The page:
You must send or hand deliver a copy of all these documents to the other person, or their lawyer if they have one. The law says the other person must have a chance to tell their side of the story. After you fill out the forms, make 2 copies. Keep 1 copy for your records. Mail or hand-deliver a copy to the opposing party (or their lawyer if represented). Fill out the certificate of service on the bottom of the original Opposition, stating how you provided the opposing party with a copy. File the original at the courthouse.

Please read the information about serving the opposing party.

The moving party has 8 days to reply to your opposition if you mailed it. If you hand-delivered the opposition, then they only have 5 days. Then the paperwork will go to the judge, who will make the decision. If the judge thinks a hearing is needed, you will receive a notice telling you when and where to appear.

Return to top

How do I reply to an opposition?

View video: Motions Part 3: Preparing a Reply Play Motions Part 3: Preparing a Reply  Video

If you filed the motion, you can reply to the opposition if you think it is necessary. But, it is not required. If you decide to reply, you must file it within 8 days of when the opposition was mailed to you. If it was hand delivered, you have 5 days to reply. You must serve the opposing party with a copy of the reply and fill out the certificate of service stating how you served the other party. Please read the information about serving the opposing party.

Return to top

How do I calculate the filing deadlines?

View video: Motions Part 4: Mailings and Deadlines Play Motions Part 4: Mailings and Deadlines  Video

For motions and opposition, count every day except the first day. If you land on a Saturday, Sunday or Holiday, go to the next business day. For replies, do not count the first day, and then count only business days. See Civil Rule 6(a).

Return to Top

Can I file by mail?

View video: Filing Documents by Mail Play Filing Documents by Mail Video

Yes, you can mail your motion papers to the court for filing by 1st class US mail. You need to include all of the forms you have filled out, signed and had notarized where indicated.

Make 2 copies of all papers before you mail the originals to the court. Keep 1 copy for your records. You will need 1 copy to serve the defendant.

Return to top

Will there be a hearing on the motion?

If either party wants a hearing on the motion, that party must file a motion for a hearing within 5 days after the opposition or reply was filed. Sometimes even if the parties do not ask for a hearing, the judge may schedule one to better understand the issues. If there will be a hearing, the court will send a Notice of Hearing that includes the date, time and location.

Return to top

When will the judge decide my motion?

Generally, the motion paperwork will not be sent to the judge's chambers until after the entire motion practice cycle has run - usually about 3 weeks.

If a hearing is scheduled, there will be no decision until after the hearing, and it may take many weeks to get one scheduled.

If there is no hearing, the judge will make a decision in due course. Usually, this is within a few weeks, but it could take months. There are many factors affecting the time, such as the complexities of your motion, other motions that may be pending in your case, and the judge's overall schedule.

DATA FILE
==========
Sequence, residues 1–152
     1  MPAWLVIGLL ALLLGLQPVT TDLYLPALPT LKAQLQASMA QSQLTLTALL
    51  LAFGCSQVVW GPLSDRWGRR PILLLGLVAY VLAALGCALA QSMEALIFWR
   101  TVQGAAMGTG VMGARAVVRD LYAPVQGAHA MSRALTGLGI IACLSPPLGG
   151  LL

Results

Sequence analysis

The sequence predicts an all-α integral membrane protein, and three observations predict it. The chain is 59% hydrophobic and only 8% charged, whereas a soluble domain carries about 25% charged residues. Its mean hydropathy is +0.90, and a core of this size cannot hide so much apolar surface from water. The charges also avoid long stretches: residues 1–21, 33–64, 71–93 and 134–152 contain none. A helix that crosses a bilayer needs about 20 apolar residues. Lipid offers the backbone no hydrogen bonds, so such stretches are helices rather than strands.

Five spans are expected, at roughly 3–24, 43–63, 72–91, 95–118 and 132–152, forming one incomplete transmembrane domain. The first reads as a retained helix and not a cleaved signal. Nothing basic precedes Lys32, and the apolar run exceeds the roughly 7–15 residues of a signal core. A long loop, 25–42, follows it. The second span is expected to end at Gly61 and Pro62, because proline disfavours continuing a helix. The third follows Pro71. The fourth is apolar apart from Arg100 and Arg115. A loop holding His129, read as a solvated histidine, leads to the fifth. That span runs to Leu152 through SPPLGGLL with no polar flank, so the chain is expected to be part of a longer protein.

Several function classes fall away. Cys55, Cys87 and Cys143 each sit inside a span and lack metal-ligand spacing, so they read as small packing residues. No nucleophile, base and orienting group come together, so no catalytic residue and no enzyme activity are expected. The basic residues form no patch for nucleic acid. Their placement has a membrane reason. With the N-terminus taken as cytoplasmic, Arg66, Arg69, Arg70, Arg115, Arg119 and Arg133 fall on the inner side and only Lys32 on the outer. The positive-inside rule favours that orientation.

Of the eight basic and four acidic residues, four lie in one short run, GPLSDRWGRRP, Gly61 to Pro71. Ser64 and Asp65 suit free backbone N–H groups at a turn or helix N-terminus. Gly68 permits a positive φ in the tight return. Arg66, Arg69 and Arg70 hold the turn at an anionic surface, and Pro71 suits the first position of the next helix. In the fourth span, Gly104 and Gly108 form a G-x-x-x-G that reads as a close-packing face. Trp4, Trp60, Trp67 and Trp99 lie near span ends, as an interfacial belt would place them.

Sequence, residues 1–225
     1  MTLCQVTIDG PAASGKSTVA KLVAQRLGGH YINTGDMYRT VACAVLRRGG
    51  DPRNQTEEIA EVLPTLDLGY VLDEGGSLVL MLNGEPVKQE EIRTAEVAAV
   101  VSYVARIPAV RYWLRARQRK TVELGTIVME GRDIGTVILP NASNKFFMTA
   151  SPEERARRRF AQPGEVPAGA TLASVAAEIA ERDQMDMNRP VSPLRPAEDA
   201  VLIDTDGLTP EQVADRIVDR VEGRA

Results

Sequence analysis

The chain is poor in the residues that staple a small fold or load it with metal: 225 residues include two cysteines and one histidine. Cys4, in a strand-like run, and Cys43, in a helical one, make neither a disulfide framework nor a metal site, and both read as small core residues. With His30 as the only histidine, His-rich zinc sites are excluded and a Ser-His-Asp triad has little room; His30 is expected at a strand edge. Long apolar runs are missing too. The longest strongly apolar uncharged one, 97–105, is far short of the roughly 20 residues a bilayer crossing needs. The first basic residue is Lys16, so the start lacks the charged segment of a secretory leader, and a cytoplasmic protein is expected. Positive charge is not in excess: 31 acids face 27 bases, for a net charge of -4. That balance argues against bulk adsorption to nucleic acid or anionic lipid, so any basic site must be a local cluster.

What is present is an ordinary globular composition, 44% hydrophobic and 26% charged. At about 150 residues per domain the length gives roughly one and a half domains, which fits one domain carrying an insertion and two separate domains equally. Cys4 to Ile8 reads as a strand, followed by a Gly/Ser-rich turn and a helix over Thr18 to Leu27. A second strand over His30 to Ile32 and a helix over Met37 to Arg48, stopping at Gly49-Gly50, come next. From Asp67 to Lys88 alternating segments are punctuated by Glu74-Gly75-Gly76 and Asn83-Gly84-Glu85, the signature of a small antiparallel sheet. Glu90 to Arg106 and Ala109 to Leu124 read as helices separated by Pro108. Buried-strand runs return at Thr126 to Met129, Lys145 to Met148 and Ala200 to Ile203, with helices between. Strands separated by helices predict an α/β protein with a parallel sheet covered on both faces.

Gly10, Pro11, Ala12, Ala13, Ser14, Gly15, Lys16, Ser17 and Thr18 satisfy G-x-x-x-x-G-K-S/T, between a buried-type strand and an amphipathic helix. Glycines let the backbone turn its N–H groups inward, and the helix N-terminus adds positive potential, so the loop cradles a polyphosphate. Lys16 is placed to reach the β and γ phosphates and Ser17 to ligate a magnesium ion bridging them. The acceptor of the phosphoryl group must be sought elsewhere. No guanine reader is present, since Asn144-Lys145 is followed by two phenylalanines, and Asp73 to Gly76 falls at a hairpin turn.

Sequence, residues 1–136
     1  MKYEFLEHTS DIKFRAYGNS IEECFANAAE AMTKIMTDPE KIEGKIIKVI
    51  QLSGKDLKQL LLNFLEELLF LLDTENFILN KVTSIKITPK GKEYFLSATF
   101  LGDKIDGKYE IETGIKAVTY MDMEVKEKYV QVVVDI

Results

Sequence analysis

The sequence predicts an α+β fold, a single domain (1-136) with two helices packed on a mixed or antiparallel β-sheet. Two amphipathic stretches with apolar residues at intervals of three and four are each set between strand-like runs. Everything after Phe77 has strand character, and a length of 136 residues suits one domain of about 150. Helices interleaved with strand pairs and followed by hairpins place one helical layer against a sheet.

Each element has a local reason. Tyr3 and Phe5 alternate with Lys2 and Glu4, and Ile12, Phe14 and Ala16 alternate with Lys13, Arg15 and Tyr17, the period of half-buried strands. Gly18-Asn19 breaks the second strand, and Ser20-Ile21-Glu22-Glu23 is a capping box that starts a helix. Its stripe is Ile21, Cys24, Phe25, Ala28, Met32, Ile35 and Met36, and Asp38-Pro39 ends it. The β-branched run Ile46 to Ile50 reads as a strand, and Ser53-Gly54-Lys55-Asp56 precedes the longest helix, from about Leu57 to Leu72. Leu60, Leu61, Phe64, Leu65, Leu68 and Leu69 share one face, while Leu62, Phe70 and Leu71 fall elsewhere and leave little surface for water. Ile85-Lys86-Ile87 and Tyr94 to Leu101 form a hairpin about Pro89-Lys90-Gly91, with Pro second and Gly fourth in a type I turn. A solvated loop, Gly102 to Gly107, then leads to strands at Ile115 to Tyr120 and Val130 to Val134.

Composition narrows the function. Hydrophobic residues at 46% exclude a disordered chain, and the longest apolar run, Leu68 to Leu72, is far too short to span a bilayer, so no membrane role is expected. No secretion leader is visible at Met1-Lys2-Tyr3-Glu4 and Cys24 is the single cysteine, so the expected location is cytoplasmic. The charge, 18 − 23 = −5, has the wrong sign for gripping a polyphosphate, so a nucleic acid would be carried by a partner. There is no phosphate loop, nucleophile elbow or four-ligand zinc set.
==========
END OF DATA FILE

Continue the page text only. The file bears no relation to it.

Return to top

When can I file a motion?

When you need a court order.

Return to top

What if I need an order before my final hearing or before receiving a judgment?

If you need the judge to decide on a specific issue prior to your final hearing or before you receive a judgment, you will need to make the request to the judge by filing a Motion for Interim Orders, along with an affidavit and a proposed order.

If you have children, you can file a:

If you do not have children, you can file a:

Return to top

How do I respond to a motion for interim orders?

If you receive a motion for interim orders for custody, child support or something else, you have 13 days from the date it was mailed to file a response, or 10 days if you received the motion by hand delivery. You can respond by filing the same 3 forms used to oppose any other motion: the Opposition, Affidavit & Memorandum, and Order on Opposition.

Return to top

What if there is an emergency?

If you feel that you have an emergency that justifies speeding up the motion process, you may consider filing an additional motion asking for expedited consideration of your main motion. Civil Rule 77(g) is the special court rule controlling these requests. Requests for expedited consideration are rarely granted, and should only be used in a real emergency. You may call the Family Law Self-Help Center Helpline for more information and the special form, or you may consult with an attorney. There are special requirements to serve a motion for expedited consideration.

Return to top

Forms

A complete set of general forms is provided in

There are a number of specialized motions available, such as:

For more information or to request a form, please call the Self-Help Center Helpline.

Return to top

Examples

The following examples may be helpful:

Sample Motion for Return of Boat Adobe Acrobat PDF logo

Sample Affidavit & Memorandum in Support of Motion for Return of Boat Adobe Acrobat PDF logo

Sample Order for Return of Boat Adobe Acrobat PDF logo

Return to top


Rev. 6 January 2014
© Alaska Court System

www.courts.alaska.gov
webmaster@akcourts.us

Adobe Acrobat PDF logo You'll need to download a free copy of Adobe Acrobat Reader in order to view and print documents with this symbol. If you are using a screen reader, get support and information at the Adobe Access website.